A campaign button is a pin used during an election as political advertising for (or against) a candidate or political party, or to proclaim the issues that are part of the political platform. Political buttons date as far back as President George Washington. They have taken many forms as the technology to create an image and mass production has allowed. In the late 18th and first half of the 19th century they were sewn-on clothing buttons, whereas the modern forms typically have pins on the back and are therefore also called pin-back buttons.
The first mass production of metal buttons dates to the 1896 William McKinley campaign for president with "celluloid" buttons with one side of a metal disk covered with paper (printed with the message) and protected by a layer of clear plastic.
Since 1916, buttons have also been produced by lithographing the image directly onto the metal disk. A celluloid-type button is fastened to a garment using a pin on the back side of the button (in recently produced buttons, the pin generally fits into a safety-pin-style catch). A lithographed button may fasten with a pinback or with a metal tab which folds over a lapel or pocket.
One of the most famous uses of campaign buttons occurred during the 1940 U.S. presidential election, when Wendell Willkie's campaign produced millions of lithographed slogan buttons in rapid response to news items about President Franklin D. Roosevelt.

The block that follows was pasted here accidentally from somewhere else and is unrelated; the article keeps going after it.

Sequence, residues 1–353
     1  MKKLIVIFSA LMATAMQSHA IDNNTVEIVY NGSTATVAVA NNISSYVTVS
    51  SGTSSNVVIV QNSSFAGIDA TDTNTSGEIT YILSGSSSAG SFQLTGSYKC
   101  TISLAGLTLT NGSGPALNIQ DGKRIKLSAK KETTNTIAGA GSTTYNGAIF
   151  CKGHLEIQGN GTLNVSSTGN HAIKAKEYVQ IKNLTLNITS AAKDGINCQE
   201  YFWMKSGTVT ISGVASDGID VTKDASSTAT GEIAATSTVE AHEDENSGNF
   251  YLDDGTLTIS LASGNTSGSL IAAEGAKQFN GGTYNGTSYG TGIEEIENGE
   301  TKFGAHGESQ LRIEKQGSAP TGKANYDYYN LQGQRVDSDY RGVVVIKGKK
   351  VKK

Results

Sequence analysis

Recently, increasing advertising expenses and legal limits on expenditures have led many U.S. campaigns to abandon buttons in favor of disposable lapel stickers, which are much less expensive.
Another recent trend is the use of graphical campaign buttons, or "web buttons", that Internet users can place on their personal websites. Graphical campaign buttons are useful because they can be widely distributed for little cost.
However, wider availability of machines for producing celluloid-type buttons (as well as inkjet and laser printers and design software) now permit even small campaigns to produce or acquire buttons relatively inexpensively, even in small quantities.
Campaign button collecting exists as a hobby. The most valuable example is believed to be a rare campaign button from the 1920 presidential election showing the likenesses of candidate James M. Cox and his running mate Franklin D. Roosevelt.
- "Cal gets collectibles from old political campaigns"
- Arnet, Danielle. "The Smart Collector". Sun Sentinel. Retrieved 26 June 2014.
- U.S. Patent 401,094 Campaign Button, Patented 9 April 1889